Failure Analysis

Written by Patricia Skinner
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Keeping Industry Safe

Failure analysis is the most important aspect of failure prevention, which is arguably the most important goal of engineering. Various engineering industries place slightly different emphasis on the science of failure analysis, although it is unquestionably of importance to all. The type of engineering for which failure analysis is the very foundation, however, is the aerospace industry.

In the old days, the most vital part of aircraft development was the test rig, as this was the most accurate way of predicting how aircraft materials would behave under in-flight conditions. Now, most of this prediction of failure analysis is done virtually with the aid of failure analysis software. So although a whole aircraft test rig is still used, the computer is the place where most failure analysis is carried out nowadays, with the use of specially designed software.

Fatigue and Failure Analysis

Fatigue is a common cause of material failure, and especially metal fatigue. Indeed, metal fatigue is the main reason for building, craft and machine failures of all descriptions. There is very little excuse for the development of material fatigue these days, as it can be so accurately predicted with thorough failure analysis processing and the right software. The failure analysis process is still not complete, however without an appropriate test rig.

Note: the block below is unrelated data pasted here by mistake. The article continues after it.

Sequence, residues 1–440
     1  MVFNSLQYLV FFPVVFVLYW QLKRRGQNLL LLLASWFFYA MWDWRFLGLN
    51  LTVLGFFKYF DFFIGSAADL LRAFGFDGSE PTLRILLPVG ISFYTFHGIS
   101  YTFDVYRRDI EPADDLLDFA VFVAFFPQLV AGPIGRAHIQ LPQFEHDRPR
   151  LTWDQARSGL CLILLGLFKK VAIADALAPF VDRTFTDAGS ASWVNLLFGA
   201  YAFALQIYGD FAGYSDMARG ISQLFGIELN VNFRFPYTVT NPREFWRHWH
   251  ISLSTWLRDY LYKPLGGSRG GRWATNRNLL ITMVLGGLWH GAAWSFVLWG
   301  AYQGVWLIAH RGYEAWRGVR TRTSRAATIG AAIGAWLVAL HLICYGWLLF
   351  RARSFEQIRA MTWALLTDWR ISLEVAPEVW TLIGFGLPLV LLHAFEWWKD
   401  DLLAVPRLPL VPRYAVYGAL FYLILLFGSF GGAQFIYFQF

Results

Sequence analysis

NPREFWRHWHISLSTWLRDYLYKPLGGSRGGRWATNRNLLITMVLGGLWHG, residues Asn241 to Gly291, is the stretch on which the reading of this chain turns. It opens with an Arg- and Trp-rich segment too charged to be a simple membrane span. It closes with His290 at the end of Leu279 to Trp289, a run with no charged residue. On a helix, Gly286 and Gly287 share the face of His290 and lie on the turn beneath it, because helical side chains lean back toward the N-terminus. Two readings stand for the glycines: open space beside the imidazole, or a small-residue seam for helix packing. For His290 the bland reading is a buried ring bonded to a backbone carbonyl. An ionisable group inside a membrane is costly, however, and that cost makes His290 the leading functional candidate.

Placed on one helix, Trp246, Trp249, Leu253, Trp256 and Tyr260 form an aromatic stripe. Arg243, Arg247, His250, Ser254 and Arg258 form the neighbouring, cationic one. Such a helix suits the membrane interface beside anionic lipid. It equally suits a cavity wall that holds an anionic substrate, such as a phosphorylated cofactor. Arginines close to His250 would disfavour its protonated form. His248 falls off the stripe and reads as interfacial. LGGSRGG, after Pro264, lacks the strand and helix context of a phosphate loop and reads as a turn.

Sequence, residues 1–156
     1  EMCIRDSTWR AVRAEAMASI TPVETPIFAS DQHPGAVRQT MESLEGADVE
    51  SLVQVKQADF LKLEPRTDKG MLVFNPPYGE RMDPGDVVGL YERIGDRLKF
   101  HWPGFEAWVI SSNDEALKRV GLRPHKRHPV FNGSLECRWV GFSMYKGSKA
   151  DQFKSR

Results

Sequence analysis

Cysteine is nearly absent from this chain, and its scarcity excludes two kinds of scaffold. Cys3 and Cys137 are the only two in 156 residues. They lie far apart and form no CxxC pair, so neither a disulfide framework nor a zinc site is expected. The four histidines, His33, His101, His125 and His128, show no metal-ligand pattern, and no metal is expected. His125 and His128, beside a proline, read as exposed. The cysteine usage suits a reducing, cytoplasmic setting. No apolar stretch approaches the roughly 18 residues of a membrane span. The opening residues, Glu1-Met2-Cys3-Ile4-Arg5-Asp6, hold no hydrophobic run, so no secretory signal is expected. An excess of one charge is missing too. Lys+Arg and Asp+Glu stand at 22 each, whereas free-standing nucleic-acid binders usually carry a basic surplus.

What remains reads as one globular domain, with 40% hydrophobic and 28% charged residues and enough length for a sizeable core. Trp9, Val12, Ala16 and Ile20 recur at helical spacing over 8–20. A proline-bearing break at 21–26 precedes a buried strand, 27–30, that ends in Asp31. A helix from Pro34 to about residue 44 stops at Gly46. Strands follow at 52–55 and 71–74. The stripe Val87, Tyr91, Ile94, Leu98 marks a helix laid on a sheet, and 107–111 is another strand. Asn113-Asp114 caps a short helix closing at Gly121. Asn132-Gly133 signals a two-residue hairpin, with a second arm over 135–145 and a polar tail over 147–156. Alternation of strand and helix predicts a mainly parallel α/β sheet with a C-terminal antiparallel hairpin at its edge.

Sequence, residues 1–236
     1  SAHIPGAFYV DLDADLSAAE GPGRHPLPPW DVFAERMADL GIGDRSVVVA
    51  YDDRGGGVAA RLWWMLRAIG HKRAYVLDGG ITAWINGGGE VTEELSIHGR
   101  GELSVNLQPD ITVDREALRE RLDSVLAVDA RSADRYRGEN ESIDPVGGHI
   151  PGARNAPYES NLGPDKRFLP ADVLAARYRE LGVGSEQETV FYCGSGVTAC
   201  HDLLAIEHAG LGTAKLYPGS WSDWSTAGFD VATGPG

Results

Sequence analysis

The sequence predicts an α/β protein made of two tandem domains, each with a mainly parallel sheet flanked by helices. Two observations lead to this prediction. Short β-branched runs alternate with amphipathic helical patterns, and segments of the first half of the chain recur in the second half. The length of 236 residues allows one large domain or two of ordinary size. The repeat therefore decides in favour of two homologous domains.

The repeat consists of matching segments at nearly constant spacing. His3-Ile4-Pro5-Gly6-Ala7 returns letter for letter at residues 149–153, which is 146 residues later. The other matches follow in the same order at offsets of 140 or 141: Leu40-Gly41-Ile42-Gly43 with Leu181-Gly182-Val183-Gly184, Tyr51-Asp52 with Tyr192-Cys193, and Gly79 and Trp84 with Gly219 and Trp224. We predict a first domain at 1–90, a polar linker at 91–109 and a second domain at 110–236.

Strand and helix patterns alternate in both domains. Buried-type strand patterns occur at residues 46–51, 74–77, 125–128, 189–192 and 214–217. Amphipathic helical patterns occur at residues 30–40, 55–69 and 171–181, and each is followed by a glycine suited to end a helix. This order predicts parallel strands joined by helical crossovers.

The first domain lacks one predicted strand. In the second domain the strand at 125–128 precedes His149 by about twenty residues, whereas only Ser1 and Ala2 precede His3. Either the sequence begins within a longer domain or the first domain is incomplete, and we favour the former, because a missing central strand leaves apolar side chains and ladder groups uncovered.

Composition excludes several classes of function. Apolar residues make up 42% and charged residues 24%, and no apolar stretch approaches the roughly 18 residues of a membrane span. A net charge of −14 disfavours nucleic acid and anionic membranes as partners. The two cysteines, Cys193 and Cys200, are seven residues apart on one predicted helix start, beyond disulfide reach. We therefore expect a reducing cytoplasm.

Failure analysis is always carried out as part of forensic engineering enquiries into crashes and failures of all kinds. Train and plane crashes are so often attributable to metal fatigue of some sort. It is interesting to note that no matter how exhaustive virtual failure analysis research may be, the naked human eye is still relied upon for the final word for examination of material failures of any description, to pinpoint where the deterioration began and what may have triggered it.


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